Today the House of Commons votes (in a deferred division between 11.30am and 2pm) on whether to restrict funding to the Green Investment Bank following the Prime Minister’s statement a week ago that we “need to roll back the green charges”.
In a Commons Committee on Monday, a majority of Conservative backbenchers selected by the whips to consider next steps for the Green Investment Bank voted to restrict its funding. We did this by voting ‘No’ to a ‘Designation’ Order proposed by Vince Cable for the Green Investment Bank to receive government financial assistance.
The Minister updated the Committee that “The bank has so far made commitments totalling £714 million into green projects, including projects in each of its four principal priority areas, which are offshore wind, energy efficiency, waste recycling and waste to energy” and that it had previously been proposed “that it will have a total of £3.8 billion of funding for the period to March 2016”.
Bizarrely we learnt that, rather than just being added to electricity bills, £775 million of funding for the Green Investment Bank was to come from track access charges paid by Kent commuters and Eurostar passengers using HS1. We were also concerned to learn that the Bank would have its HQ in Edinburgh but its ‘major transaction team’ would be based in London, similar to the RBS model.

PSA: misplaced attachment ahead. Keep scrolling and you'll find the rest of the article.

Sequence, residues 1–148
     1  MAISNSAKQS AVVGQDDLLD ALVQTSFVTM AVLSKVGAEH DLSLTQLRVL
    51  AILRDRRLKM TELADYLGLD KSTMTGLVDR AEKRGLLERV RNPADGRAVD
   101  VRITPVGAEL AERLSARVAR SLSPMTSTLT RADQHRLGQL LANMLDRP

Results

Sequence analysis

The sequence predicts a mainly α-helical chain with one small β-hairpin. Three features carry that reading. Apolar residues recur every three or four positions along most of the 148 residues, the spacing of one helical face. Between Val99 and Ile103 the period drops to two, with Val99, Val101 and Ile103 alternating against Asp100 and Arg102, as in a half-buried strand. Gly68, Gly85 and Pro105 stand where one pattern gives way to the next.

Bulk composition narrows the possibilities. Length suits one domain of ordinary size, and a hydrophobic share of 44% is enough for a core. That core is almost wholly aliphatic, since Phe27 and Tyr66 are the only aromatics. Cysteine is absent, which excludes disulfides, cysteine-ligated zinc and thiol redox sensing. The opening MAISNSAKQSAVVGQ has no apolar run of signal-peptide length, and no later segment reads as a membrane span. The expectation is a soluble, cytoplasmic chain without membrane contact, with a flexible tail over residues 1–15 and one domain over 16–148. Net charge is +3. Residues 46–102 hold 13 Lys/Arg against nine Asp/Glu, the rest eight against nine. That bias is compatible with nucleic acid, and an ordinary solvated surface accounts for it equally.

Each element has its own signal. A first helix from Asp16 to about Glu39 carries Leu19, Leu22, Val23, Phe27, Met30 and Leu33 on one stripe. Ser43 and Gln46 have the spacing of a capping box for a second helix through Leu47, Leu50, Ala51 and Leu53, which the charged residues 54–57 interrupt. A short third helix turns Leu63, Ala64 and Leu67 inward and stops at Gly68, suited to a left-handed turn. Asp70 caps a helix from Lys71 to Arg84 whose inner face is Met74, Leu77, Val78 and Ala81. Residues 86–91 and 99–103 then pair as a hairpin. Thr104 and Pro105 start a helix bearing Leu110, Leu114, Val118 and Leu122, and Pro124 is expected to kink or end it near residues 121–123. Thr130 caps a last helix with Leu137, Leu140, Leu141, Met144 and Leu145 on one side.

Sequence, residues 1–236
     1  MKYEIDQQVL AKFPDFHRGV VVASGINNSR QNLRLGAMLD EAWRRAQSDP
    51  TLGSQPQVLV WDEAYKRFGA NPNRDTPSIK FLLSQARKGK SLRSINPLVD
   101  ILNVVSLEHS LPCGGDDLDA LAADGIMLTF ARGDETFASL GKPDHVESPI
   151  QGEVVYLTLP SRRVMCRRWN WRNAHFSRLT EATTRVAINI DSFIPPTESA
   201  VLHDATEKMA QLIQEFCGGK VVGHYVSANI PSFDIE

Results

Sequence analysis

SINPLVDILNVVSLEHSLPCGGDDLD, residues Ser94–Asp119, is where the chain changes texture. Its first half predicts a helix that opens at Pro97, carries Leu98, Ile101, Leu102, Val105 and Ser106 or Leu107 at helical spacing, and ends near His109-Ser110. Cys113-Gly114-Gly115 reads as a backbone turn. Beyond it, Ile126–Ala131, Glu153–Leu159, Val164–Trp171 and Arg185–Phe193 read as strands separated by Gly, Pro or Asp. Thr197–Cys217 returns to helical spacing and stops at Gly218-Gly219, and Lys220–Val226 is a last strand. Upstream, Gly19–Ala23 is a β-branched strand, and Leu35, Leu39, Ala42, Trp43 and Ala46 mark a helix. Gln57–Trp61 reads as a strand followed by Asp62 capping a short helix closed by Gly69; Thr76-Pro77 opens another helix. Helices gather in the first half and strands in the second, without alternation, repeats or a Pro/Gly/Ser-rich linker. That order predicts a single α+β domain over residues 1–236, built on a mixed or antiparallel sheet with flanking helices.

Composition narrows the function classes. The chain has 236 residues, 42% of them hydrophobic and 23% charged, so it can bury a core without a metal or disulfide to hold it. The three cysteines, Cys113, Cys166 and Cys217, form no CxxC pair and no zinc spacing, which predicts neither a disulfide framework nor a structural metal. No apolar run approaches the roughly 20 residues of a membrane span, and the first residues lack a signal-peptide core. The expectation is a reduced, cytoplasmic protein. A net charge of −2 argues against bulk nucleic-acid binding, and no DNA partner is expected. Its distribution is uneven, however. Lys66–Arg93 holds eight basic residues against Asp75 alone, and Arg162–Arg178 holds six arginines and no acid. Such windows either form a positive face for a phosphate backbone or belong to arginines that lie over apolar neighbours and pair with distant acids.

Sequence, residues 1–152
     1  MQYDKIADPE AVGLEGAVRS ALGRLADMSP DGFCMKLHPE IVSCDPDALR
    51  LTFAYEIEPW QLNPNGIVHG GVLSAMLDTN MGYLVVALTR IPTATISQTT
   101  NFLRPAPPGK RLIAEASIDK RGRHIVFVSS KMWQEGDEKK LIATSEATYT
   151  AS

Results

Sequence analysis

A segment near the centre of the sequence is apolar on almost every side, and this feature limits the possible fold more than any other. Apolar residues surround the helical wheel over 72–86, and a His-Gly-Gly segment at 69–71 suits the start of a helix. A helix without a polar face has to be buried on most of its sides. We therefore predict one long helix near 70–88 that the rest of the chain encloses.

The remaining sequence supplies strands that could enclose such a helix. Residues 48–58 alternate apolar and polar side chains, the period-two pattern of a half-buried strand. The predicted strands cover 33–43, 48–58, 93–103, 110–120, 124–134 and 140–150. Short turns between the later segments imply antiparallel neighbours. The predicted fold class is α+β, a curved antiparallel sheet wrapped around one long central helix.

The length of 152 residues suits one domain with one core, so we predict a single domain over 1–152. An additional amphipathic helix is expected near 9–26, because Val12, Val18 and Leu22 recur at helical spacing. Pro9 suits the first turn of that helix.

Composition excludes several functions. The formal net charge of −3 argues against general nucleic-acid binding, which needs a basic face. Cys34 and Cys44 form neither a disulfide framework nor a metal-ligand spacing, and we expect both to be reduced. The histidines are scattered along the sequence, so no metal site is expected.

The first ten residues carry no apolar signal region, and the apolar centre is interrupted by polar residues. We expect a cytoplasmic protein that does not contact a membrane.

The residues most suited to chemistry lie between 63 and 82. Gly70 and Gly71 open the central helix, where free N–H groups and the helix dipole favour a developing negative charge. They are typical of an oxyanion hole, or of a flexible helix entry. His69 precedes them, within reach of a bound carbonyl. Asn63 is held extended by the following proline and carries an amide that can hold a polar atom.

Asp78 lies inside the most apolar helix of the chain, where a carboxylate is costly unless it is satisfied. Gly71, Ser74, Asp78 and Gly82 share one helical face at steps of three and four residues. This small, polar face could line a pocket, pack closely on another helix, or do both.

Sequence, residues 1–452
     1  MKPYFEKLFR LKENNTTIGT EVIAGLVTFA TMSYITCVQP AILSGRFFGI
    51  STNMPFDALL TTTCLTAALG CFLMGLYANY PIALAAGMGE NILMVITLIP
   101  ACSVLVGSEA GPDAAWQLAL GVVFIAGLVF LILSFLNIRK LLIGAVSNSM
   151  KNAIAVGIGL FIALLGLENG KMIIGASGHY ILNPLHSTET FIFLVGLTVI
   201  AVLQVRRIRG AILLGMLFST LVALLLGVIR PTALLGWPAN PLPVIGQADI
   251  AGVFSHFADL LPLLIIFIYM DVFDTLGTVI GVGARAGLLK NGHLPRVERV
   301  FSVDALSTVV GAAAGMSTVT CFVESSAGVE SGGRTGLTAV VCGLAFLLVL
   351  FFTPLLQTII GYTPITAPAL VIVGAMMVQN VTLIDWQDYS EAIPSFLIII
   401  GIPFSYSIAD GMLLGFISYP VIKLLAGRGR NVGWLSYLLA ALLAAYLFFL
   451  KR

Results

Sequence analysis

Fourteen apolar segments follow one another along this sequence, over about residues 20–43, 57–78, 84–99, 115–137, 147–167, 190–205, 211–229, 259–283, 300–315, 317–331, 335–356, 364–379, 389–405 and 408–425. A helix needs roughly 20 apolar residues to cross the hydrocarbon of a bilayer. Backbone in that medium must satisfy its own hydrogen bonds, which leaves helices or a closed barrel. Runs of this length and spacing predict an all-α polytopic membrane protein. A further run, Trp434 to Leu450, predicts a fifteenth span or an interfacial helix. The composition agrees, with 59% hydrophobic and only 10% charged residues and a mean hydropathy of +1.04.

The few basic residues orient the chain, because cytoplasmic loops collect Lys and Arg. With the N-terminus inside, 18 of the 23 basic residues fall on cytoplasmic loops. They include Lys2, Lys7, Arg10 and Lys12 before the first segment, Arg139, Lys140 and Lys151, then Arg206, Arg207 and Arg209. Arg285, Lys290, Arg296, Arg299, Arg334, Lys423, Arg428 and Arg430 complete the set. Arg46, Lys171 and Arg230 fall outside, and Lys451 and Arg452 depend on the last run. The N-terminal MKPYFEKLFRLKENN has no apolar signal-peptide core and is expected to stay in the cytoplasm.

Today’s vote on whether to support this bank financially is unusual since, while Parliament scrutinises tax decisions closely, it usually has little say on spending decisions, with government ‘Estimates’ usually going through without debate and on the nod.
Because of the way the Green Investment Bank is structured, a separate vote in Parliament is needed on whether to ‘Designate’ the Bank for the Government to give it financial assistance through what the minister described as “a bespoke power to fund”.
Whether the Liberal Democrats like it or not a ‘No’ vote in the deferred division today could roll back the green levies to get bills down for our constituents.